Wirehaired Pointing Griffon
All About Gun Dog Breeds
Active and affectionate, the dogs in the gun dog group make wonderful companion pets.
These are the quintessential family companions. As a rule, they are loyal, friendly, active and affectionate. Also referred to as sporting dogs, gun dogs were bred to accompany hunters in the field and to work closely...
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Sporting Dog Breeds
Dog breeds in the Sporting Group are sturdy and athletic, with lots of energy and stamina, which make them a good dog breed choice for people with an active lifestyle.
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Watch your favorite breeds compete at the AKC/Eukanuba 2012 National
|Country of Origin:||France|
|AKC Group:||Sporting Group|
|UKC Group:||Gun Dog|
|Use today:||Bird dog|
|Life Span:||12-14 years|
|Color:||Steel gray with brown markings, chestnut brown, roan or white with orange or brown.|
|Coat:||Coarse, medium-length hair.|
|Size:||Medium Dog Breed|
|Height:||20 to 24 inches at the shoulder|
|Weight:||Proportiante to height|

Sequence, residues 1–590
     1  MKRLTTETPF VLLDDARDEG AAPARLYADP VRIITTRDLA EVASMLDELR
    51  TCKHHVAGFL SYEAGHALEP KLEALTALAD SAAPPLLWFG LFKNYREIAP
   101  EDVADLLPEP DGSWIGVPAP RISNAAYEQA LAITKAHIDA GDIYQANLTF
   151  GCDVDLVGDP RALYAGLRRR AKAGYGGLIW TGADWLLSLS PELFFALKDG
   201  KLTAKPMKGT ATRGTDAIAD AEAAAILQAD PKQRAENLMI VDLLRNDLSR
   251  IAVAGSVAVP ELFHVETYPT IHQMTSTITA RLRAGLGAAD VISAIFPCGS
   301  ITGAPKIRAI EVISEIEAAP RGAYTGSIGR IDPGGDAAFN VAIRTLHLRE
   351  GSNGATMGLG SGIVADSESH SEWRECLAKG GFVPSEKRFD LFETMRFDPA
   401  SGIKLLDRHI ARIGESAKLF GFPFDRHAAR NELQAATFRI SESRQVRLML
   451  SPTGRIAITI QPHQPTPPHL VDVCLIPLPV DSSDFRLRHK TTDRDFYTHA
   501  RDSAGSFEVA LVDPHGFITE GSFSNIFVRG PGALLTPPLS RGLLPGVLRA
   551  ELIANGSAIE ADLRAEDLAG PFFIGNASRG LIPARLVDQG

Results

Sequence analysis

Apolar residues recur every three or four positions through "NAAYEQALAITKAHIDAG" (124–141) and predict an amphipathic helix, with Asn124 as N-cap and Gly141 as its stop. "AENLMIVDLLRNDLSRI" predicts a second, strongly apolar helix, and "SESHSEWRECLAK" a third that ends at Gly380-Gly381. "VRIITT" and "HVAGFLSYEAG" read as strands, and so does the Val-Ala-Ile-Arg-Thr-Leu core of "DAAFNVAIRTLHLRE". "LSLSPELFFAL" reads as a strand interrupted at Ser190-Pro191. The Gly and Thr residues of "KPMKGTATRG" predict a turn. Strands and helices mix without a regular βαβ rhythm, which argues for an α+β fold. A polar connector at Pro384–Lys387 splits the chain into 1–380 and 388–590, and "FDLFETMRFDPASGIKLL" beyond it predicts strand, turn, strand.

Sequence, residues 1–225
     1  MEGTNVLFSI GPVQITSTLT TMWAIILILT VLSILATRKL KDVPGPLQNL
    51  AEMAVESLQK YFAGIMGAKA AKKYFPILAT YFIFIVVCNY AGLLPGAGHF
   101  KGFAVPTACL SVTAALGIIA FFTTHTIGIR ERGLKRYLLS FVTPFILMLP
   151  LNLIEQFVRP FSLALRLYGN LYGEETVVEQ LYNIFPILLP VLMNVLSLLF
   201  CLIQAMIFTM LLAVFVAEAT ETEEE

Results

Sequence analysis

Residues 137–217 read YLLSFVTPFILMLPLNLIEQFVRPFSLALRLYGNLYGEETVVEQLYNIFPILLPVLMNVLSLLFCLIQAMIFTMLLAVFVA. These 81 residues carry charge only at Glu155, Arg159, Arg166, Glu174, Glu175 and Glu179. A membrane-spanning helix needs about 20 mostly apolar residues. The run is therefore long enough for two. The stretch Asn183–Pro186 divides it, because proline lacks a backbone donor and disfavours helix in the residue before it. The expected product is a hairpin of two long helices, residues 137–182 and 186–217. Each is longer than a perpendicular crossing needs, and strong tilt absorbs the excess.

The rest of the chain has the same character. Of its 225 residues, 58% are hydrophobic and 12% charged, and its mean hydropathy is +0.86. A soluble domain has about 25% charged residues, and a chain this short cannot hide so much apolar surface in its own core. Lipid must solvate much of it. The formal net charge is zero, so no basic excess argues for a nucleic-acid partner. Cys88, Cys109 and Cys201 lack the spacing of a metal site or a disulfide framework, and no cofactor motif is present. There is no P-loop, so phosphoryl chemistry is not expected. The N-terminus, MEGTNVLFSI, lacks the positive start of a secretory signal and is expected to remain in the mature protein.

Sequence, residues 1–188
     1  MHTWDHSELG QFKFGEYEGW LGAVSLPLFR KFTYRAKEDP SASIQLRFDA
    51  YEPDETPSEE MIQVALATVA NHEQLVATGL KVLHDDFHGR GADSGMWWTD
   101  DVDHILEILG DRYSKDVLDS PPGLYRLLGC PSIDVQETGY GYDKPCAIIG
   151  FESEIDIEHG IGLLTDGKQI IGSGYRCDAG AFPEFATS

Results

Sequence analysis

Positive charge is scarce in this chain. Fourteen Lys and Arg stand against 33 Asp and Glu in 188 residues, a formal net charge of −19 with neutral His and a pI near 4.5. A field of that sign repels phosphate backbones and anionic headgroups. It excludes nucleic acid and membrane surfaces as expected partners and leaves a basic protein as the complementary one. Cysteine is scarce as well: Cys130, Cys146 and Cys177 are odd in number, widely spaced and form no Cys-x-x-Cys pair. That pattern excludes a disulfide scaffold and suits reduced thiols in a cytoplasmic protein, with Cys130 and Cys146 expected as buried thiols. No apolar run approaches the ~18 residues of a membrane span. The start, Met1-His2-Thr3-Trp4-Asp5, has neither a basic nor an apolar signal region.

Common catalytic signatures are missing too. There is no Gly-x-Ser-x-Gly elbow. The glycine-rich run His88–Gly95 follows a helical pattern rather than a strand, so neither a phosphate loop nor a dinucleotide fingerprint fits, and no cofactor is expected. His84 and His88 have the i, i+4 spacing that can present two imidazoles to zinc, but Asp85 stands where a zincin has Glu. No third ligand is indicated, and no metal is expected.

Its shaggy appearance and delightful character will entertain its people from puppyhood on, but the Wirehaired Pointing Griffon also lives up to its moniker of "supreme gundog." This breed came into existence between 1865 and 1885 in Europe, during a time of much experimental breeding. Following the rules of Mendelian inheritance, a Dutchman named Korthals set a goal of creating a sporting dog that would rival the performance of English gundogs, but be better adapted to work in extremely cold temperatures, marshy ground and thick undergrowth. Using Griffon stock as a breeding base, he crossed the progeny with other sporting breeds, possibly including the setter, spaniel, Otterhound, French barbet and German Shorthaired Pointer. By 1870, its rough-coated, keen-nosed creation was perfected and known as the Korthals Griffon. A strong swimmer with a harsh, protective outer coat, this hardy, active dog is an excellent water retriever. Working equally well in open country qualifies the breed as a member of the sub-group of sporting breeds known as versatile gundogs. Most Griffons are gray with chestnut splashes, and the coat has been described as rough as boar bristles. Weekly grooming keeps it in shape. This dog is friendly and easy to train, with a quick, intelligent mind. Too restless to enjoy indoor living, the breed makes a fine companion and watchdog for an active family in a country setting, with lots of running room.
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